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Photos by Martin Watkins and Mark Carver Page last updated: 2013-12-15

September 2011

Late September saw a group visit to Crystal Palace by no less than three mb21 tx spotters (Messrs Carver, Whittaker and Watkins). The day started murky but as we wandered around, slowly circling the tower in an anticlockwise direction, the grey sky gave way to blue and by the time we had completed our circuit the light was perfect for illuminating the object of our pilgrimage.

Nothing much has changed at Crystal Palace since it acquired its new UHF hat, but the opportunity was taken to add some photos to the mb21 collection.

Since first publishing these pictures we've had a very useful contribution from "TCPD" who has answered some of our unresolved queries, and the notes have therefore been updated appropriately.

Not a "u" in sight on this Arqiva sign!

The almost new UHF stack now looks as though it's been there for ever... funny how quickly one gets used to change.

TCPD writes:

"Should there be any doubt, all DTT including T2 MUX are from the 8 tiers of 12 panels. (for the first few years MUX C and D used the BBC analogue.)

DSO reserve antenna will replace that and the 4 tier analogue reserve below it with a 12 tier 6 channel antenna to be built after DSO."

There seems to have been quite a worry at Crystal Palace about the possibility of things being dropped during DSO work; both this building and the medium wave transmitter buildings had been covered by protective scaffolding and sturdy temporary roofs.

This side of the site faces roughly ESE.

We're on the north east side of the site, and although this is the least favourable position light-wise for the purposes of photography it can give some dramatic silhouettes of the aerials against the sky.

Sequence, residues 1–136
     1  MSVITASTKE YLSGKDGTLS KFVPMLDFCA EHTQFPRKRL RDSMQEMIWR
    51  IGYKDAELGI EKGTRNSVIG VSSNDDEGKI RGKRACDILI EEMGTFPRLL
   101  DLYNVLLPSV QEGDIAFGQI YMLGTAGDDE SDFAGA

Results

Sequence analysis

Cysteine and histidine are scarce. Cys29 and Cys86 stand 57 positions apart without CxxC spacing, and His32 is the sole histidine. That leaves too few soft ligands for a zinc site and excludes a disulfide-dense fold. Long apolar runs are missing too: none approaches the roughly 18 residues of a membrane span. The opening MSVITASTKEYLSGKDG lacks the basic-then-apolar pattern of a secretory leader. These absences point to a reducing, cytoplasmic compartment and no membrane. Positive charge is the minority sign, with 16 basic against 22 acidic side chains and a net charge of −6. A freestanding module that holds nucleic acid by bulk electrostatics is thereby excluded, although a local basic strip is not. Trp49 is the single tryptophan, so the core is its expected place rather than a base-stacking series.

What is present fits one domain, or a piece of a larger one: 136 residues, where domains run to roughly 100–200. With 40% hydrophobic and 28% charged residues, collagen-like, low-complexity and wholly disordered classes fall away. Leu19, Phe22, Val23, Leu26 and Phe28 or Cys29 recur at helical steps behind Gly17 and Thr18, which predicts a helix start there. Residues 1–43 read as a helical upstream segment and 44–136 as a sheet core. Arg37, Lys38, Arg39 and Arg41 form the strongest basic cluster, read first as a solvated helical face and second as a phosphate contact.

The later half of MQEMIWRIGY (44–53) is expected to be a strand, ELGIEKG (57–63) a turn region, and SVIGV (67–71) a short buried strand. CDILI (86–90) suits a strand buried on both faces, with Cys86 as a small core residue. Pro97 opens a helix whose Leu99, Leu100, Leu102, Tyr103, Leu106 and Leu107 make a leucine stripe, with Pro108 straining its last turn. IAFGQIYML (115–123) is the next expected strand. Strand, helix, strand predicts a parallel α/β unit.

Here's the DRM 25 MHz aerial again. In spite of having a Sony (what else) short wave radio with us we forgot to check if this was radiating. Dohhhh....

Yagis on Wrotham

....and there - obligingly - is Wrotham, seventeen miles away.

We don't normally see the FM nationals from this side, probably because of the unfavourable light direction.... We did feel that those four tiers need a bit of straightening....

Round the north west side the light is much more favourable and the sky had cleared completely.

Seen from the south west.

TCPD writes:

8 logs in 2 tiers: - a "skew fire" omnidirectional antenna was built for a BBC system known as "reverse bearers" to communicate with outside broadcasts using a digital system in the lower adjacent channel to analogue transmissions, in about 1989/1990.

There were BBC RD reports written about it, don't know if they are published on line. I did a quick search on "reverse bearer" and came up with a brief mention in a BBC annual report. BBC system was probably incompatible with DTT. I believe antennas are still in use, but not by the BBC".

Link to BBC RD report at bottom of this page. System was ceased prior to start of DTT in 1998.

Are there any clues as to what function is served by the single tier of panels, below the DAB aperture and above the national radio aperture?

TCPD writes:

"1 Tier of 4 skeleton slot panels: - another system for BBC Radio OB's."

Back at the foot of the most northerly leg.

On two of the legs are sets of four tiers of single UHF panels, and these seem to fire - roughly - SSW and NW. These ones are on the SSE leg, and on the right of the picture is the second set, with their backs to us. Does anyone know what they do?

TCPD writes:

"2 stacks of 4 UHF panels; - these were put up many years ago for the BBC early experiments with DTT. One set facing central London (for demonstrations at BH etc.), one facing Kingwood Warren. I don't believe they were ever used since, though I have occasionally reminded people looking for access to an antenna that they are still there."

The two mystery UHF panel sets can both be seen in the picture above, taken from the foot of the SSE leg.

Difficult to see, but the MW aerial rises from close to the fence along the road - we can see here the bottom insulator level with the top strand of barbed wire.


We were a bit puzzled by the unexpected polarisation status of the log periodic installed here (although they'd got the azimuth and elevation spot on), but decided to keep quiet and try the beer instead. It turned out to be excellent, and they do a delicious suet chicken and ham pie. Definitely a suitable venue if this type of group outing is repeated.

Crystal Palace index

BBC RD Report: The provision of circuits to outside broadcast locations using spectrum within the UHF broadcasting bands

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